2020 Fantasy Baseball Rankings Analysis 101-110: The case for and against Draft Day targets


The 2020 Fantasy baseball draft prep season is here, and this year’s player pool might take some getting used to. Starting pitchers are going earlier than ever in early drafts, and stolen bases are more valuable than ever, which means if you haven’t been paying attention, you could be surprised by how drafts are unfolding right now.

We’re here to help you get acclimated. We’ve got our position previews and tiers elsewhere, but if you really want to start your Fantasy baseball prep right, this is the place to begin: With our breakdown of the top-200 players for 2020, based on CBS Fantasy baseball expert Scott White’s rankings. Scott White and Chris Towers have broken down every player in the list, giving you the case for drafting them and the case against, so you can make up your own mind on whether you want them on your team.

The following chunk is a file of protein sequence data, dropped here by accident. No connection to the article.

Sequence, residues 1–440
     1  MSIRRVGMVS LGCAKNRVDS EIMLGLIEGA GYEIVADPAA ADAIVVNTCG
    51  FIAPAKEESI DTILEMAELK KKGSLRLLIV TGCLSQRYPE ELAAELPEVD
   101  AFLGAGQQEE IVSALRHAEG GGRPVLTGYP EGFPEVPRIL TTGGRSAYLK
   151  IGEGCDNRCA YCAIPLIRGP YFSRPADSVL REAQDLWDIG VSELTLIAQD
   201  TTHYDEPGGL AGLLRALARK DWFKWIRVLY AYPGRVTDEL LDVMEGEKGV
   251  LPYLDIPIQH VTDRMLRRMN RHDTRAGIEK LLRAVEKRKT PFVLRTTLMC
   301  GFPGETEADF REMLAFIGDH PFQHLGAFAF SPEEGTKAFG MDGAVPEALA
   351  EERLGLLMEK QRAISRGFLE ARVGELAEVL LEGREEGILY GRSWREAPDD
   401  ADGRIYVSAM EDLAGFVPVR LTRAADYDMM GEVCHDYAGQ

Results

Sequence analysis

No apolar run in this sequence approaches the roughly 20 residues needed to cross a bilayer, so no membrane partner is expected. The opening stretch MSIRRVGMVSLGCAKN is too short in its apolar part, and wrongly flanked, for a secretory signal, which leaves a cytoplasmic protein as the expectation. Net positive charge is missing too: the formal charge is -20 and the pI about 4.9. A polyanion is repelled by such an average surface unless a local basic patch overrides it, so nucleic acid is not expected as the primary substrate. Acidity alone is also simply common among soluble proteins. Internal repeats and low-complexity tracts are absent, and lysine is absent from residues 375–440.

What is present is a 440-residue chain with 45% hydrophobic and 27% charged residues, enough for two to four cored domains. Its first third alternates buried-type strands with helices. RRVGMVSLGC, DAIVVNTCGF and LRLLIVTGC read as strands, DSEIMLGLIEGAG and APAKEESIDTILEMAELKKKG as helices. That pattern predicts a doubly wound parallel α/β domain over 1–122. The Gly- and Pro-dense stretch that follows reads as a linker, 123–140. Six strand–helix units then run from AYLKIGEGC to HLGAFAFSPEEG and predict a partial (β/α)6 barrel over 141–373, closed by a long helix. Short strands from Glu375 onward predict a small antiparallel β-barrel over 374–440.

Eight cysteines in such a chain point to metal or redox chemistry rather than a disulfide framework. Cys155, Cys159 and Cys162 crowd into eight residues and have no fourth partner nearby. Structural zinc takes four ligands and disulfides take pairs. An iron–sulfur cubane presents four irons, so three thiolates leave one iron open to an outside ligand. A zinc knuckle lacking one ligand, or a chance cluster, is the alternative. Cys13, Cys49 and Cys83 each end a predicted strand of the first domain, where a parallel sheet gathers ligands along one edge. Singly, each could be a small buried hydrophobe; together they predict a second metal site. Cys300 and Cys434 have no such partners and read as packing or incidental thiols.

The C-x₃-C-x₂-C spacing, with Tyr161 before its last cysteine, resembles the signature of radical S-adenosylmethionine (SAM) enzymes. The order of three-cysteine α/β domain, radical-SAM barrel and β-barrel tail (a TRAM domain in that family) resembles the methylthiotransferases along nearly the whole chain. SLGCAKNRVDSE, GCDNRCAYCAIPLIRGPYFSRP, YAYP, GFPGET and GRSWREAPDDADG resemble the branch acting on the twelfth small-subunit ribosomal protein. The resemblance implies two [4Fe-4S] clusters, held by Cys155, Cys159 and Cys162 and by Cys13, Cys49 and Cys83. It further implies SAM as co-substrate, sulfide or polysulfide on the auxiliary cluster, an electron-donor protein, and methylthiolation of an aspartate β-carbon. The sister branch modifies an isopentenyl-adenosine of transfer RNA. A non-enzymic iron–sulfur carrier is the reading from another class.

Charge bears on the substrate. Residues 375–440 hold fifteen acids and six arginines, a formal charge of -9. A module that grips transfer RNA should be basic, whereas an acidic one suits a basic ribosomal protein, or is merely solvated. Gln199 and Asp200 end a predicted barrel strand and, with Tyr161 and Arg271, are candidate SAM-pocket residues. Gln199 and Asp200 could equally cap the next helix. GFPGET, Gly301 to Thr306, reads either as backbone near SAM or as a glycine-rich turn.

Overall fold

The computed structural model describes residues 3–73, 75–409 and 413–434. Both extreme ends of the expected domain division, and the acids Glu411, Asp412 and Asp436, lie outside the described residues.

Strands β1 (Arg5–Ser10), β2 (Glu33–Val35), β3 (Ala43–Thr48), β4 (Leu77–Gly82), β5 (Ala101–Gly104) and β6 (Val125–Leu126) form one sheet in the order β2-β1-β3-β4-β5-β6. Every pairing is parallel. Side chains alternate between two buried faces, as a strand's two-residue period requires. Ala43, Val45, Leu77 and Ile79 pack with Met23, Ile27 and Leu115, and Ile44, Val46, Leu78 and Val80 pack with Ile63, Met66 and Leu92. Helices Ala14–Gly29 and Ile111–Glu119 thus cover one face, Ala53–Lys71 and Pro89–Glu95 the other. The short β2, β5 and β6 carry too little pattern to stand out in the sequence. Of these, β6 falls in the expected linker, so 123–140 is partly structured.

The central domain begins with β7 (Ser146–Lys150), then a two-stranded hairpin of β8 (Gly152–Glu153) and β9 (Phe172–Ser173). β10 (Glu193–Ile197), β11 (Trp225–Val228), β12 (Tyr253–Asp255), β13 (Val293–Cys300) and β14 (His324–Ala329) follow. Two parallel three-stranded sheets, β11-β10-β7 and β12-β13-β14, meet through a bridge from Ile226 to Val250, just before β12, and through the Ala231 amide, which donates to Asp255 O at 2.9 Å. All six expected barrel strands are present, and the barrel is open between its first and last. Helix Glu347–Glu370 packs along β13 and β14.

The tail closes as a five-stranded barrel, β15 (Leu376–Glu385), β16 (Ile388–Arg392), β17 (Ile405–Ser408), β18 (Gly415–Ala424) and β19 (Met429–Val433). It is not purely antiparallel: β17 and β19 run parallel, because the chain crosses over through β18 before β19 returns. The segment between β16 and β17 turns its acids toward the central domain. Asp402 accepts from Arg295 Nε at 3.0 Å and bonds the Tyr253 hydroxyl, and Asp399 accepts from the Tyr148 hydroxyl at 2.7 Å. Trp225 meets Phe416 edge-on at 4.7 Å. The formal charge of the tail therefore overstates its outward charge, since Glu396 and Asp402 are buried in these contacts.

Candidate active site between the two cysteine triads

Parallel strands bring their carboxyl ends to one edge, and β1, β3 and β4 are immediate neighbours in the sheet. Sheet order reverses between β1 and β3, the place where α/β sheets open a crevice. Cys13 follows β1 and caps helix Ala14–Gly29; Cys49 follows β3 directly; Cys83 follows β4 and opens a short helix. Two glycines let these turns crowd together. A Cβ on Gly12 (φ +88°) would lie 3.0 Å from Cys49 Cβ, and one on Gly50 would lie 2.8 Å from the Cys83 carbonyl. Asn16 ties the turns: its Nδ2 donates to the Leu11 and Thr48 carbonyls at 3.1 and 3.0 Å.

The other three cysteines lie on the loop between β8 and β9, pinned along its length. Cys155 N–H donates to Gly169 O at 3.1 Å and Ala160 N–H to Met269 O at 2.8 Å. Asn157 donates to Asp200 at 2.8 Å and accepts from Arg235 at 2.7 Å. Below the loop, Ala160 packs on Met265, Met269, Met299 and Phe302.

We’re going through No. 101 through 110 here, beginning with a potential huge breakout bat at the top of the list. And you kind find the rest of our top-100 list right here: 1-10 | 11-20 | 21-30 | 31-40 | 41-50 | 51-60 | 61-70 | 71-80 | 81-90 | 91-100

The Case For/The Case Against

No. 101-110

The Case For: Abreu is an RBI machine, and the White Sox should have a better lineup than they’ve had in Abreu’s entire career. The overall production may not wow you, but you know you’ll get help in RBI, homers, and batting average at a pretty reasonable clip. Plus, Abreu might have actually underperformed his batted-ball profile in 2019, so there’s still room for improvement.